• For example, if you directly run the command irisFetch_spectrogram.m without any argument, the default value will produce a plot like below for the 2011/03/11 M9.0 Tohoku earthquake. Of course, you could also change the input parameters by switching either station or the time windows.
    >> irisFetch_spectrogram;
    % default: produce a plot for the 2011 Tohoku event
    >> help irisFetch_spectrogram
      function irisFetch_spectrogram(net,sta,loc,chan,t1,t2,ff1,ff2,caxis1,caxis2,event,ifsave,color_flag)
      this function retrieve single-component seismic data directly from the IRIS DMC
      using the command irisFetch.m
      see the guideline at http://www.iris.edu/ds/nodes/dmc/manuals/irisfetchm/
      on how to download and install the irisFetch.m command 
      plot the raw, bandpass-filtered, and spectrogram of the seismogram
      this version could also save the data into SAC format
      db is from http://en.wikipedia.org/wiki/Decibel#Amplitude.2C_voltage_and_current
      applied a 0.5 Hz filter before computing spectrogram.
      see more at Peng et al. (SRL, 2011).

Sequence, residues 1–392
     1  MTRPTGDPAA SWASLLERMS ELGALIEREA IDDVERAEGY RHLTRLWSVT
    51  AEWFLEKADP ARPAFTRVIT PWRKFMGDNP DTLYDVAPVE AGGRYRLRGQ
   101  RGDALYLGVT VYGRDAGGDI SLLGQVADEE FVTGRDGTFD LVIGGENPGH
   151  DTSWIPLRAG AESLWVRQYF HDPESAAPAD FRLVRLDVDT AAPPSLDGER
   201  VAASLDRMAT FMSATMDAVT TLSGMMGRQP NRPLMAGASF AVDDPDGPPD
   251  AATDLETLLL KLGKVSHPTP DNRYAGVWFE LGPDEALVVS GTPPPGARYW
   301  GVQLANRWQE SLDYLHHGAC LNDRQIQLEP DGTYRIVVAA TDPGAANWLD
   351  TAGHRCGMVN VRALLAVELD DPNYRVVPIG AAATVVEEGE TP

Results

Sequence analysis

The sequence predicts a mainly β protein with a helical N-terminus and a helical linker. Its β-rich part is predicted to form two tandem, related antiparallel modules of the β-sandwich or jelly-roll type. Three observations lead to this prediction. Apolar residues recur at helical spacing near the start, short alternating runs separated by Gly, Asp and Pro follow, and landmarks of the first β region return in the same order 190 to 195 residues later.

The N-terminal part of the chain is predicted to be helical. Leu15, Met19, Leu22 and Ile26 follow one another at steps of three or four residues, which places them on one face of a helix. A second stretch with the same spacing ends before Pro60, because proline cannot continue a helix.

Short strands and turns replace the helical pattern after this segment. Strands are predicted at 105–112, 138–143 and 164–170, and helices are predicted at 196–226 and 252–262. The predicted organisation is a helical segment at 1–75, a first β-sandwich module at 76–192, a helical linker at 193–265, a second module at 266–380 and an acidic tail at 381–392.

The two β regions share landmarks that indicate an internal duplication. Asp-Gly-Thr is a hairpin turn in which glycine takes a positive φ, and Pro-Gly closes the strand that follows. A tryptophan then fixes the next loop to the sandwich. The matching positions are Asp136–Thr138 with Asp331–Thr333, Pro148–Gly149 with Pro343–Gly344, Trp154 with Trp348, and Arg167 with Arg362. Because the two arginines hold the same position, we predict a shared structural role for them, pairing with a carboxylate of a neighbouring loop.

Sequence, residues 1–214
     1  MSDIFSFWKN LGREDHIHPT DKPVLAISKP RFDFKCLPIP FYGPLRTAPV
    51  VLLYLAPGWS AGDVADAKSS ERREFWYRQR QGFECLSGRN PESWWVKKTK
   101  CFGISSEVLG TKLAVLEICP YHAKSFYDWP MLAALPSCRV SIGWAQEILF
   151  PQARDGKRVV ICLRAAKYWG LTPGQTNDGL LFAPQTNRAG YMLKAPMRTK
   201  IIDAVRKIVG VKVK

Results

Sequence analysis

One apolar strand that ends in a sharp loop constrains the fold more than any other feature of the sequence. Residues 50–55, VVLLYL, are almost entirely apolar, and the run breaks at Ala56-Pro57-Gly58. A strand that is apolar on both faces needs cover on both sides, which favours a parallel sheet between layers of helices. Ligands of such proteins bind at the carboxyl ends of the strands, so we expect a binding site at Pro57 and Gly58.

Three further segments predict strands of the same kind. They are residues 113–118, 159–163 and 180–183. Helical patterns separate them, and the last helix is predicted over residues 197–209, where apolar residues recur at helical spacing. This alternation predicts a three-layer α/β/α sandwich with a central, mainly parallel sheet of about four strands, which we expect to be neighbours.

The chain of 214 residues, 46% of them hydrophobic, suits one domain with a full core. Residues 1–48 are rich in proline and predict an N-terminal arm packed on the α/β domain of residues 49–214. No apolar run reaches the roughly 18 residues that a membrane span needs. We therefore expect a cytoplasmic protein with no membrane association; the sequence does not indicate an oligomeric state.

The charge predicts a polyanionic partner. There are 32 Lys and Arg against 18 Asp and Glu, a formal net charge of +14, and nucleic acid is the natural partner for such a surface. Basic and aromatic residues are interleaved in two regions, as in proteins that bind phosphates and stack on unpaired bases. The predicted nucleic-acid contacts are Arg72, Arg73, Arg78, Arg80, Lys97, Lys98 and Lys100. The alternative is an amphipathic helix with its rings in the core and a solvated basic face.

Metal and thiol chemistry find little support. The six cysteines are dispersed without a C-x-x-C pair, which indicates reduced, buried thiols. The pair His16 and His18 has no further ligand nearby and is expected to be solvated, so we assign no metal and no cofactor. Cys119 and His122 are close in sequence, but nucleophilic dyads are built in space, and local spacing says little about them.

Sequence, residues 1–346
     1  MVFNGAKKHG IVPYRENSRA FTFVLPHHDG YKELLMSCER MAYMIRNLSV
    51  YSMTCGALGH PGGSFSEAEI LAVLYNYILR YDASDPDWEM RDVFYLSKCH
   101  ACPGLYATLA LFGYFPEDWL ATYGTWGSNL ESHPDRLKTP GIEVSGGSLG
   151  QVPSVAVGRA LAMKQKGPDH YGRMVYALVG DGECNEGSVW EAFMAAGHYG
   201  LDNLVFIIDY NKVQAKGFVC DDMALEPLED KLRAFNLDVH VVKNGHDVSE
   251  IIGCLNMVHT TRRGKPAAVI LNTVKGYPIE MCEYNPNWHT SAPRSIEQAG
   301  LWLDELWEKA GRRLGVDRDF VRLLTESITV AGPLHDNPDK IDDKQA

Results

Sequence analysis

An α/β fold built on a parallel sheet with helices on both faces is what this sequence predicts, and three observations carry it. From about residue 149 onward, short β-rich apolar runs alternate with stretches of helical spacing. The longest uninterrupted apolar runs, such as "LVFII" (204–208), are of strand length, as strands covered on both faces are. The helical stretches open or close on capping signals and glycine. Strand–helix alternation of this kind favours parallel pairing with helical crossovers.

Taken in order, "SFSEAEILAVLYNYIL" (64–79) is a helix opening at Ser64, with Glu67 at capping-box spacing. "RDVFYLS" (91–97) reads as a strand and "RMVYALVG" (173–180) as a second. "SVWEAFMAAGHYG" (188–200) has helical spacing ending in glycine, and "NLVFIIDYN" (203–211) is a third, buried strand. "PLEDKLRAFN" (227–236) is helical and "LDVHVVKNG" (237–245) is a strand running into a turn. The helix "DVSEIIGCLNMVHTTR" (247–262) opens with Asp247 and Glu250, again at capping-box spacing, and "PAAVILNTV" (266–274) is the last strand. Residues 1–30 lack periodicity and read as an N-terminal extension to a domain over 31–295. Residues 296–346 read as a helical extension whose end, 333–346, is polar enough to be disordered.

Peng, Z., L. T. Long, and P. Zhao* (2011), The relevance of high-frequency analysis artifacts to 
      remote triggering, Seismol. Res. Lett., 82(5), 856-662, doi: 10.1785/gssrl.82.5.656.
      need: eqfiltfilt.m at http://geophysics.eas.gatech.edu/people/zpeng/Software/matlab/eqfiltfilt.m
      this program can be downloaded at
      update by zpeng@gatech.edu on Wed Oct 29 11:03:09 EDT 2014
    >> irisFetch_spectrogram('TW','TPUB','--','BHE','2005-03-28 16:09:36','2005-03-28 17:09:36',0,10,-60,-10,'Nias');
    % these parameters will produce a plot for the 2005/03/28 M8.6 Nias earthquake

Part 3: Visual Inspection of Remotely Triggered Seismicity

Remotely Triggered Deep Tremor